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Skaldic Poetry of the Scandinavian Middle Ages

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Rv Lv 2II

Judith Jesch (ed.) 2009, ‘Rǫgnvaldr jarl Kali Kolsson, Lausavísur 2’ in Kari Ellen Gade (ed.), Poetry from the Kings’ Sagas 2: From c. 1035 to c. 1300. Skaldic Poetry of the Scandinavian Middle Ages 2. Turnhout: Brepols, pp. 577-8.

Rǫgnvaldr jarl Kali KolssonLausavísur
123

hǫfum ‘have’

hafa (verb): have

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megingrimmar ‘mightily grim’

megingrimmr (adj.): [mightily grim]

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vasa ‘there was no’

2. vera (verb): be, is, was, were, are, am

[3] vasa (‘var eigi’): er ei Flat

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miðjum ‘the middle of’

miðja (noun f.; °-u): the middle

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Nús ‘Now it is’

nú (adv.): now

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þats ‘the case that’

þats (conj.): that, which

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môs ‘of the gull’

már (noun m.): gull

[5] môs: so Flat, mars 325I

kennings

mýrar môs.
‘the marshes of the gull.’
   = SEA

the marshes of the gull. → SEA
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mýrar ‘the marshes’

mýrr (noun f.; °; -ar): bog, moor

[5] mýrar: mýri Flat

kennings

mýrar môs.
‘the marshes of the gull.’
   = SEA

the marshes of the gull. → SEA
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meginkátliga ‘mightily merrily’

meginkátliga (adv.): [mightily merrily]

[6] meginkátliga: so Flat, ‘meginkaliga’ 325I

notes

[6] meginkátliga ‘mightily merrily’: This adv. could modify the verb dynja in l. 8 (as assumed in ÍF 34).

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branda ‘of the prow’

brandr (noun m.; °-s, dat. -i; -ar): sword, prow; fire

kennings

elg branda
‘the elk of the prow ’
   = SHIP

the elk of the prow → SHIP

notes

[7] branda ‘of the prow’: The word brandr refers to a part of the ship, though it is not entirely clear which part, as it is mostly used as a pars pro toto for ‘ship’, especially in kennings like this (Jesch 2001a, 147-8).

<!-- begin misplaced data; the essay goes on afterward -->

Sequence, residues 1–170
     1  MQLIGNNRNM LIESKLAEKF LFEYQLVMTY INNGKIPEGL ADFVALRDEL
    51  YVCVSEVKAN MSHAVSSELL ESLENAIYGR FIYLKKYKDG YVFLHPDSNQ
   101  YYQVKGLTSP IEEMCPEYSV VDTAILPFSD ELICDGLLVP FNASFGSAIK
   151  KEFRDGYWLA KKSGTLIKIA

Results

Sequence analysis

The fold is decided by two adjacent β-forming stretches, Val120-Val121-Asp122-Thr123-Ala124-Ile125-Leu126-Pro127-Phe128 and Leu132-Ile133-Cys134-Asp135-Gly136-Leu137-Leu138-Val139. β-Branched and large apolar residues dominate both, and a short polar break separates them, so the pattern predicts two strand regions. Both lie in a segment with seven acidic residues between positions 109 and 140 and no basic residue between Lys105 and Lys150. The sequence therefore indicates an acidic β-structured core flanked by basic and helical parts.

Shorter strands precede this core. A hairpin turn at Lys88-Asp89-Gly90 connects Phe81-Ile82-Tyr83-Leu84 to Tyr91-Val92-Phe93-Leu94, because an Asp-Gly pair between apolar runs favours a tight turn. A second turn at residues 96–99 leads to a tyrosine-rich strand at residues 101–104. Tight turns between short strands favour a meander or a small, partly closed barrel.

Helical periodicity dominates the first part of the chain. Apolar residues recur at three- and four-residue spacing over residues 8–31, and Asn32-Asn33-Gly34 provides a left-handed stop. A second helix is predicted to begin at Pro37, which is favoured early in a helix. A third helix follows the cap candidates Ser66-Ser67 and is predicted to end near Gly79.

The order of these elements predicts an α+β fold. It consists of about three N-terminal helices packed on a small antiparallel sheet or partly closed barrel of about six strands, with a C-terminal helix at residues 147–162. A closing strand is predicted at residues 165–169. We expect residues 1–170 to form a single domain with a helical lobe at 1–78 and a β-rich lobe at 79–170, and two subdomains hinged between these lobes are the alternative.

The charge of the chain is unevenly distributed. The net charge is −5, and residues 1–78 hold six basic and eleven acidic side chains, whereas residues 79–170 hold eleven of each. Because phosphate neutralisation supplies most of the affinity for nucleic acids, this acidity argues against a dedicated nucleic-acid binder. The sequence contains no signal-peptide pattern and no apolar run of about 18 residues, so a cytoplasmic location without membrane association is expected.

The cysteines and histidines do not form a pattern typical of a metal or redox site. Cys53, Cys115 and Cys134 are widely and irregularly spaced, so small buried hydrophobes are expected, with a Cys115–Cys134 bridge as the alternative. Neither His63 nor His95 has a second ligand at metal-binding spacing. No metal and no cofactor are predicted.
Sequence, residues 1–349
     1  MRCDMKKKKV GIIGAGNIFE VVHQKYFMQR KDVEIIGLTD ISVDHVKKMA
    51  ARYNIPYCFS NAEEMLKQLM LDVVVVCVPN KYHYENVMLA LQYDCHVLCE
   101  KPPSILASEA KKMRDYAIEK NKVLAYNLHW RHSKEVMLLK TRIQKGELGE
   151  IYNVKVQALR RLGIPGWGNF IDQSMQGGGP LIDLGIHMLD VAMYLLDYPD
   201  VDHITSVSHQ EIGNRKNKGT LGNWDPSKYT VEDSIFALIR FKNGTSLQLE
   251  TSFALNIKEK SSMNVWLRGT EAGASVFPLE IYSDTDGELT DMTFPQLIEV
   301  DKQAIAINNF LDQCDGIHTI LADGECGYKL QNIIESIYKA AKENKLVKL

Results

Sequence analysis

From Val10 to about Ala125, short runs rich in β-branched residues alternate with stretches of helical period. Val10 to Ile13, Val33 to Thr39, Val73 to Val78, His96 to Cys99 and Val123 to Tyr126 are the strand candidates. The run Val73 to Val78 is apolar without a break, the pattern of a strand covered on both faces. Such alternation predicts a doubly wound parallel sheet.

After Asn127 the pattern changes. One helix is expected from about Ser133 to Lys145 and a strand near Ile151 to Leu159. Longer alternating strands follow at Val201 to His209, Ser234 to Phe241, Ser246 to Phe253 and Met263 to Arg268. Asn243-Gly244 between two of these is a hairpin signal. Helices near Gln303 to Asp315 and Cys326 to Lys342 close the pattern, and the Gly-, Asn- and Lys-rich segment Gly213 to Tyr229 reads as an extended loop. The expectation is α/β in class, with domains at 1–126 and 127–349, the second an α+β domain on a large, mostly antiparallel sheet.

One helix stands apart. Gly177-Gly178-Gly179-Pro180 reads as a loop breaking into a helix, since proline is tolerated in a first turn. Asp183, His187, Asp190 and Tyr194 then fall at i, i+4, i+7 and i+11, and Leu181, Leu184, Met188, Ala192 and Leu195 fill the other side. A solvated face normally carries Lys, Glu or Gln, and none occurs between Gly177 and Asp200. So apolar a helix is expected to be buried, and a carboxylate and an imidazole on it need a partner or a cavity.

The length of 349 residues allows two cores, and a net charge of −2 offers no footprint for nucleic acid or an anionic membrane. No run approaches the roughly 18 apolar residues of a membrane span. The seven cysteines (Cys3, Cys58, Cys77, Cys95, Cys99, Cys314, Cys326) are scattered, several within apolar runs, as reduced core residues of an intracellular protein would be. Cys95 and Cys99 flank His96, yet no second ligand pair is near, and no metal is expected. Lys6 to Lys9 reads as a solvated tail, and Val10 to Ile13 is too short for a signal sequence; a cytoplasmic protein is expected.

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elg ‘the elk’

elgr (noun m.; °-s; -ir/-ar): elk

kennings

elg branda
‘the elk of the prow ’
   = SHIP

the elk of the prow → SHIP
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á ‘on’

3. á (prep.): on, at

[7] á: so Flat, of 325I

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Bjǫrgynjar ‘Bergen’

Bjǫrgyn (noun f.): [Bergen]

notes

[8] til Bjǫrgynjar ‘to Bergen’: The prose context says that the sailors made land in Agder first, before sailing north to Bergen.

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til ‘to’

til (prep.): to

notes

[8] til Bjǫrgynjar ‘to Bergen’: The prose context says that the sailors made land in Agder first, before sailing north to Bergen.

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Interactive view: tap on words in the text for notes and glosses

Ch. 59 of Orkn describes the fifteen-year-old Kali’s trip to England with some merchants; they return to Norway on the same ship in ch. 60.

[1-6]: The coastal landscape around Grimsby is characterised by both mud-flats and salt-marshes and the town itself was virtually an island with only one road into it at the end of the Middle Ages (Gillett 1970, 1). The st. appears to describe the Norwegians’ regular journey across the mud-flats to the town from their mooring-place in the haven during their stay. The sea-kenning mýrar ms ‘marshes of the gull’ is ironic since by then the sailors have left the marshes behind and the contrast is underlined by the two descriptors in megin- ‘mightily’, which contrast the grimness of their weeks in Grimsby with their pleasure at setting off for home.

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